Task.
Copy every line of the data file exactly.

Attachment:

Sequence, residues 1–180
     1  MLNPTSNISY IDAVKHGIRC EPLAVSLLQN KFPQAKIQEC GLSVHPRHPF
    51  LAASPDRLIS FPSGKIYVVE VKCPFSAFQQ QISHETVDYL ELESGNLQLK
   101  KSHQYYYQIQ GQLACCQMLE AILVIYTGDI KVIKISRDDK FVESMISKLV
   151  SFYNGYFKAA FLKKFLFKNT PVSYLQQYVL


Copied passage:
Sequence, residues 1–180
     1  MLNPTSNISY IDAVKHGIRC EPLAVSLLQN KFPQAKIQEC GLSVHPRHPF
    51  LAASPDRLIS FPSGKIYVVE VKCPFSAFQQ QISHETVDYL ELESGNLQLK
   101  KSHQYYYQIQ GQLACCQMLE AILVIYTGDI KVIKISRDDK FVESMISKLV
   151  SFYNGYFKAA FLKKFLFKNT PVSYLQQYVL